I took my Honda Odyssey into have its oil changed last week. Within a mile, I have a choice of no less than five quick lube and oil shops. My selection often comes down to which shop has the shortest wait time.
This particular shop I selected has friendly employees and always offers me bottled water, which comes in handy during the hot summers. The technicians replaced the van's oil and filter, and I was ready to pull away when a young woman handed me a mileage reminder sticker and said my transmission fluid was "too dark" and should be changed very soon.
"Can you change it for me?" I asked.
"Nope. We don't do that anymore", she replied.
I asked if she could provide a recommendation, and she told me about another shop up the street. So I drove a few blocks. A woman approached my car, and I told her I just had the oil changed but needed someone to take a look at my transmission fluid to determine if it needs to be changed.
"We can't do that."
She went on to tell me that her shop used to perform that service, but it became too big of a liability.
"What if we forgot to tighten the plug under the engine and all the fluid drains out and your engine burns up?"
"We don't want that!" I replied.
I'm not an automotive engineer, but I imagine each automobile has a number of caps and plugs that, if not secured properly, could cause problems. She said I'd have to find a Honda dealer to have the transmission fluid replaced.
I decided to call one last automotive shop. A man answered, and I told him my dilemma. "Do you think you can help me?" I asked. He felt confident he could do the job, and I drive right over.
He greeted me, told me his name (Eric) and said my Honda engine has an awkward fill spout for the transmission fluid, but that he had a long skinny funnel that would work. So I guess it needs to be changed?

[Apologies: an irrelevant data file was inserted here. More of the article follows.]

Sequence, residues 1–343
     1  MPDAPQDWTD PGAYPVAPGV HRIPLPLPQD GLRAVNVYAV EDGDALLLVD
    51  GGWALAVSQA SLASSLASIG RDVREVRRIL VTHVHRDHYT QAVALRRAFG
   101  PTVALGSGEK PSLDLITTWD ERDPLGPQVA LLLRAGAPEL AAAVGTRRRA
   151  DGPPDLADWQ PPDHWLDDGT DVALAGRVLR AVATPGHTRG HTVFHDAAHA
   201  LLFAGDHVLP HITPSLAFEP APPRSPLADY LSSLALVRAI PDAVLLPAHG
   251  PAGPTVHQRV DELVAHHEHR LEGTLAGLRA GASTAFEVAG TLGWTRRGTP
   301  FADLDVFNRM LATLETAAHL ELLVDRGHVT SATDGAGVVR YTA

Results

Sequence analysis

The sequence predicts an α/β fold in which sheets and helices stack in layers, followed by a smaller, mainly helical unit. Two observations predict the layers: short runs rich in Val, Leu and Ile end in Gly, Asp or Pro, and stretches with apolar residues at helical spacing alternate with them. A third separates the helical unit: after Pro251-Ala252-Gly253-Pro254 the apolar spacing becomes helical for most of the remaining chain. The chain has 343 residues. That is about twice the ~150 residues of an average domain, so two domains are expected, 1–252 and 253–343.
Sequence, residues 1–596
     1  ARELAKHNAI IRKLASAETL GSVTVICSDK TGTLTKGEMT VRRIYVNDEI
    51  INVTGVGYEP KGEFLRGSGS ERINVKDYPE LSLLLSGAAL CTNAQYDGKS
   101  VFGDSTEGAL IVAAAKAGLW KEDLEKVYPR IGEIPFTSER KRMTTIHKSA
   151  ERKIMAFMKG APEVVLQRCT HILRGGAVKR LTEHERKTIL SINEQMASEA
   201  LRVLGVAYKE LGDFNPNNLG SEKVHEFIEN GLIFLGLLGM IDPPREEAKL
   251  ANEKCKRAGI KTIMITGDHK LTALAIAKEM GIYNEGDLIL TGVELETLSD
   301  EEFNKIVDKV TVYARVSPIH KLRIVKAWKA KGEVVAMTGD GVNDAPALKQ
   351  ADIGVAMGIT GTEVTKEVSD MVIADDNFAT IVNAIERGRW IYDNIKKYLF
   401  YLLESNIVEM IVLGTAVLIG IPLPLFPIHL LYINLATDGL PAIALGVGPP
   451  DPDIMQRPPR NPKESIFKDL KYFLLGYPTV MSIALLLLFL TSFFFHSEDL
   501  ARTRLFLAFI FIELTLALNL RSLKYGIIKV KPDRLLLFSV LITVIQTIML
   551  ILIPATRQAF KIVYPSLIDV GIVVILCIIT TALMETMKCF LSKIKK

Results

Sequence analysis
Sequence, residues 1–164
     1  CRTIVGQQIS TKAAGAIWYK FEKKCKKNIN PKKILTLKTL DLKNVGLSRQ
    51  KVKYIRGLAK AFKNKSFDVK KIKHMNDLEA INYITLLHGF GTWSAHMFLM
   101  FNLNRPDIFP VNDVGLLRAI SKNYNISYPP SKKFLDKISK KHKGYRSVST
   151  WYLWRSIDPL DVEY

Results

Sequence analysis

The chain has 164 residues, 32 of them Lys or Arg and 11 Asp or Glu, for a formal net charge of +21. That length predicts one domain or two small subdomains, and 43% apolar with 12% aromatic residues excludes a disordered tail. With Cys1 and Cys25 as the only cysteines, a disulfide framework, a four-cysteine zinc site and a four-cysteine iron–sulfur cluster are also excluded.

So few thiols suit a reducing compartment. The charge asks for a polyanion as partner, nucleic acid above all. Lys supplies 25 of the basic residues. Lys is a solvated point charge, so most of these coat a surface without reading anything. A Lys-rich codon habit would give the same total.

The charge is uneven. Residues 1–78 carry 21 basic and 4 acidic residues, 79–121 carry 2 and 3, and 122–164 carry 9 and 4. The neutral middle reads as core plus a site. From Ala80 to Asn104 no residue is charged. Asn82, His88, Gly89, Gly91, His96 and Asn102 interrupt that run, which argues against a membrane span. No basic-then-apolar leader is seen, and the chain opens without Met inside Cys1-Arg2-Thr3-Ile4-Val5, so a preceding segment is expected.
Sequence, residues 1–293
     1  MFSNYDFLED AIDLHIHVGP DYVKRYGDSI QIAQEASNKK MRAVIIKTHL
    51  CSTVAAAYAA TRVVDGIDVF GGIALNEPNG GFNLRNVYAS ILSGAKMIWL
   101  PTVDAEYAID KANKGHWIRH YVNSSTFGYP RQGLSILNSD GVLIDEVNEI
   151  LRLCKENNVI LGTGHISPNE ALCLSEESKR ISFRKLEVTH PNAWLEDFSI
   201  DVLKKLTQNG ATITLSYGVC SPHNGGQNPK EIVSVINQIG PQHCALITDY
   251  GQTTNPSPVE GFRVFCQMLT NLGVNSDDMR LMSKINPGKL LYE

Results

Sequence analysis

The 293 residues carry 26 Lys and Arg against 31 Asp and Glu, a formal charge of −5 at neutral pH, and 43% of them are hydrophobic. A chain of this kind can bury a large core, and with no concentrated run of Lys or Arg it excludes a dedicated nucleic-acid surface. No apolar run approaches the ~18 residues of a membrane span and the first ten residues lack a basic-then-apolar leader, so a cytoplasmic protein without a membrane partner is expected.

"See this fluid. Yours is black. It's supposed to be red."
Over the next 40 minutes, he told me about how he'd been working at this automotive shop since he was as a teenager. His father owned the shop and taught him everything he knew about cars. He'd purchased the business from his father about five years ago, and still did most of the maintenance and service himself. His greasy overalls and soiled hands told me he was telling the truth.
He took the time to tell me that I should have my transmission fluid replace about once a year. He explained how it takes a little longer than an oil change because he likes to drain as much old fluid as possible, fill with 3.5 quarts of new fluid, and let the engine run for about five minutes. He then drains that fluid to make sure any old fluid is fully flushed from the engine, before filling with new fluid one last time.
Eric earned a new customer on that day. I plan to take my two cars to him for basic service going forward. This experience also serves as a cautionary tale of what happens when you send a customer to another business because you can't or don't want to perform a service they need.
They might not need you anymore.